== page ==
Here’s something we never considered in all the years of planning to leave our careers and saving for financial independence: Early retirement is a form of time travel. And not just to one point in time, but to many! Sounds wacky, right? But it’s true. Here’s how.
As total newbs to this whole early retirement thing, though admittedly newbs who’ve thought about this stuff a ton, we find ourselves now wrestling with a very practical question: Should we spend what we budgeted for this year, or aim to spend less, maybe a lot less? There are good reasons for either approach, so let’s talk about what those are.
In just two short months, we’ll be retired and living on a constrained income for the first time in ages. But we’re not worried, because we have a whole bunch of ways to live beyond that budget, especially once we have time to invest in research and deal-finding. (Plus, we can live a pretty sweet life for not a lot of money, so it doesn’t take much budget stretching to feel like we’re living a life of luxury.) Check out our plan for living beyond our budget — and then let us know what we missed!
Our early retirement might be right around the corner, but we still have a lot to do before the year is up to make sure that we’re truly ready to make the big leap. Then after we pull the plug, we have a different set of things to do. Here are our big lists of things to do before we retire early, and right after, as well as things we’ve already checked off the list this year. Are we missing anything? Let us know!
We’ve talked a little bit about upping our savings game, but we’ve only talked about it in general terms. Today, we’re going to get specific about how exactly we’re raising the bar, and especially what that looks like for non-budgeters like us.
There’s an issue that we’ve struggled to get our heads around, which we’ll call our optimal retirement income: a level at which we get a big Obamacare/ACA subsidy on our health insurance, we pay low taxes and we enjoy a comfortable standard of living. But calculating that number is not as straightforward as it seems. Enter the income vs. cashflow discrepancy!
While we’re making fast progress toward FIRE, it’s not because we are especially gifted in the discipline department. We still slip up and make occasional impulse purchases, even now, multiple years into our FIRE journey. But, we’ve found a way to fake discipline, through the motivating power of streaks.
We constantly come across new tips on how to get to “optimal frugality,” and while we think it’s great to continually try to optimize your spending, something that we now know to be true is that there’s never a point of ultimate optimization, a point when we have everything figured out perfectly. Rather, it’s an ongoing process of dropping habits and adding new ones. Here are some we’re happy we’ve dropped.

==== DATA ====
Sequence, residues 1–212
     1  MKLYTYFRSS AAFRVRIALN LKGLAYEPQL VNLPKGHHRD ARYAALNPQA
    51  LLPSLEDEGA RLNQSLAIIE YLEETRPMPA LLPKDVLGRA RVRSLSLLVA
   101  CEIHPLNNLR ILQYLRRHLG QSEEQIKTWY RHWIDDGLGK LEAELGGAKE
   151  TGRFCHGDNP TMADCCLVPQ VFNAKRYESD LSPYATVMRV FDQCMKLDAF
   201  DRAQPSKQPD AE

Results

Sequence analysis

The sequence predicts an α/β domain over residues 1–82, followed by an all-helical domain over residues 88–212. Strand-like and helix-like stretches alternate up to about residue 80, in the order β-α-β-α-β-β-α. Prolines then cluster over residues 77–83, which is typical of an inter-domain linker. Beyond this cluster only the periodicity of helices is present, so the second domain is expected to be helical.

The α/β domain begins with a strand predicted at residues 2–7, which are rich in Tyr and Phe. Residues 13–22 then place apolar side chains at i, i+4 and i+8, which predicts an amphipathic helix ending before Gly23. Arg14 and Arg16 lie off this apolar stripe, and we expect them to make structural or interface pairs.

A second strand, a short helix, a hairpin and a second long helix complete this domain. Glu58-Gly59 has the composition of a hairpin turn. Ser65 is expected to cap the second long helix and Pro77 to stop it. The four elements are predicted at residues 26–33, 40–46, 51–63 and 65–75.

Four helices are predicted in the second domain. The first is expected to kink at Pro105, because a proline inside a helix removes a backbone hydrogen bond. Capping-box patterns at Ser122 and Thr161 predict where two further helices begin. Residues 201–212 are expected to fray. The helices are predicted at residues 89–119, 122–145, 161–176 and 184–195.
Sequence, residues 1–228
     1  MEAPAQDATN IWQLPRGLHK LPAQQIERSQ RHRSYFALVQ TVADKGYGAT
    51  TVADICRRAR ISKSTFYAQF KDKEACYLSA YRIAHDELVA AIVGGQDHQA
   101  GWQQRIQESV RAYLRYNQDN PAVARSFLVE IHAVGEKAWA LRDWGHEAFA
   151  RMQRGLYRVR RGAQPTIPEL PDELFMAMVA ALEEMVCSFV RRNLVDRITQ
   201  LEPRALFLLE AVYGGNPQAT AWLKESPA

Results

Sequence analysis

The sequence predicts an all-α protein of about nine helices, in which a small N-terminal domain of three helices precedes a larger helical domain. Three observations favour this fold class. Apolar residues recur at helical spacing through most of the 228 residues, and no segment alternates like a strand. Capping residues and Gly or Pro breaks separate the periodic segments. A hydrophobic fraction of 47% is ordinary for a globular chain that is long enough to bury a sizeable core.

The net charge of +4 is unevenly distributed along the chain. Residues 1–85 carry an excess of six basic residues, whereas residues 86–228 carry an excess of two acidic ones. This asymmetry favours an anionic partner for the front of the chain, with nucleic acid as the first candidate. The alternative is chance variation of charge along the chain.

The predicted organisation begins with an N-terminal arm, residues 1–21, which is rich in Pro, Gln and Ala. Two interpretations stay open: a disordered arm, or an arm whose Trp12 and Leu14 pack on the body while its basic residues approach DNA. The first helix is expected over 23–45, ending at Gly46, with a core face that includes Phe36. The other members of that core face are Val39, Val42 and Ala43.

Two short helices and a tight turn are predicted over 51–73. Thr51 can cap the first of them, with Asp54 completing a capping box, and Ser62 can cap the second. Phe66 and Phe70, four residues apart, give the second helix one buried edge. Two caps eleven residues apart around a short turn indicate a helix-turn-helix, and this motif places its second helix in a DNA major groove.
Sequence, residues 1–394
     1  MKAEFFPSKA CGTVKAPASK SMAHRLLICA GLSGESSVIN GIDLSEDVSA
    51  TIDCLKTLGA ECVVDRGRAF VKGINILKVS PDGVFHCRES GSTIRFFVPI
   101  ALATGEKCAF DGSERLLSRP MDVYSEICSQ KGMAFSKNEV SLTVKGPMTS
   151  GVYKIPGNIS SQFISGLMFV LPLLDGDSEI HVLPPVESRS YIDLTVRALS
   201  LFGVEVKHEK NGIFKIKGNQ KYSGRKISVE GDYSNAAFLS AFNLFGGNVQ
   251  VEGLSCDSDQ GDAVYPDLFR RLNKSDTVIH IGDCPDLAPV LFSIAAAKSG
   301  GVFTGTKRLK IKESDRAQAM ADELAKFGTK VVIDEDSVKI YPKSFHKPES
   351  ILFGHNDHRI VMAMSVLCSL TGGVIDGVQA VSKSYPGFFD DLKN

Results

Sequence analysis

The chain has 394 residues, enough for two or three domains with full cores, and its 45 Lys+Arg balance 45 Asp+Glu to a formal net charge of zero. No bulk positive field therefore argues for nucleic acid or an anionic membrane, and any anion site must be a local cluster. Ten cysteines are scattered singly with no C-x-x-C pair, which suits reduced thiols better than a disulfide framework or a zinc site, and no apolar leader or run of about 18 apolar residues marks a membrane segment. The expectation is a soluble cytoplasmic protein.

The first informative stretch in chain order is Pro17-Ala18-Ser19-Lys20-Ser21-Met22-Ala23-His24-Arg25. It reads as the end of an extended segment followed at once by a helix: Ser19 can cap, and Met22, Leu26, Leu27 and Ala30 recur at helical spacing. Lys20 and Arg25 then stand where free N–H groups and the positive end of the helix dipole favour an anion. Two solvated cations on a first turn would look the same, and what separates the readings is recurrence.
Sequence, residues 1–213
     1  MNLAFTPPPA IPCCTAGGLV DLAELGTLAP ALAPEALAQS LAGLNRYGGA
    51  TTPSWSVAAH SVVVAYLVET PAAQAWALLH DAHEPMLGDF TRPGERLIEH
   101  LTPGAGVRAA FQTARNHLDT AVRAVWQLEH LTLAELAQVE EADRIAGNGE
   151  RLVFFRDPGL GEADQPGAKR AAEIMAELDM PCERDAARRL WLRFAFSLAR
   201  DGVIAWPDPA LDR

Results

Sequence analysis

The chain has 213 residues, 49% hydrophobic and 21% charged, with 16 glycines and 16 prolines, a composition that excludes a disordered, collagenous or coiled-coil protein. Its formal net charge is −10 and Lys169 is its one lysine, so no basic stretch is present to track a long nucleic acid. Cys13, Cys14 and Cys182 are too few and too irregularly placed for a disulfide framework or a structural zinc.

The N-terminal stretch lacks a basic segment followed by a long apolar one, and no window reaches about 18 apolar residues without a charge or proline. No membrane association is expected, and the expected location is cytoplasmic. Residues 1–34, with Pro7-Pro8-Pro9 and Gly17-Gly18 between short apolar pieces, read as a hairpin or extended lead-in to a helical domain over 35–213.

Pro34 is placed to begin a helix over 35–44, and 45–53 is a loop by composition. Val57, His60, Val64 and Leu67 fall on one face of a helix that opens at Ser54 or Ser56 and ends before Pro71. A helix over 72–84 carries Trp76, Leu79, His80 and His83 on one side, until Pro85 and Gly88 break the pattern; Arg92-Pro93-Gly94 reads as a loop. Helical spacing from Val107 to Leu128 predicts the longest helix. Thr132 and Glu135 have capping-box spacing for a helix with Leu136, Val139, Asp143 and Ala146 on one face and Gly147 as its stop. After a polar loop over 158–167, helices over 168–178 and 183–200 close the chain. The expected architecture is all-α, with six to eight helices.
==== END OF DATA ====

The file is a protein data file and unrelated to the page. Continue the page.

A lot of what we talk about here is specific to people on the early retirement path, but today’s topic is something every single one of us should have as an important part of our financial plan: an emergency fund. We think of our emergency fund not as a one-and-done kinda thing, but as something that has evolved upward and downward over time. And now, as we’re approaching early retirement, we’re once again rethinking how much we need to have saved in our e-fund when we hit our magical date.
We really aren’t frugal by any reasonable definition of the word. We never consider forgoing things we need. But I decided to look at our lives and see if there was any area in which we truly are frugal, and ask what that means for us. And there is one example: the thermostat. Here’s what keeping our house cold has taught us.
it’s the most math ever! today we’re talking about how we calculated what we need to save for early retirement, since the 4 percent rule doesn’t exactly work as planned for all early retirees.
we’ve mentioned several times over the past few months that we’ve been working on a monster post on health care, obamacare/aca coverage and how the subsidy limits are affecting our retirement budget projections. but we’ve realized that the more interesting topic is the moral catch-22 of the affordable care act subsidies.
early retirement is a bfd. and it’s not for everyone. it’s a very different path from the one most people follow for a reason, and it’s not one we should go down without having our eyes wide open. early retirement won’t magically fix everything we wish was different about us or our lives, and it comes with its own set of pitfalls and stresses. to help sort this out, we’ve put together a list: the ten questions you should be able to answer before you retire early.
so many of us have had the experience, before we got smart about our finances, of not knowing where our money went. as i was reading another blogger’s post about that last week, i had the thought: “where did the day go?” where did the money go? where did the time go? these are not such different questions. here’s how we’re changing our mindset around time, to see it as our most precious asset.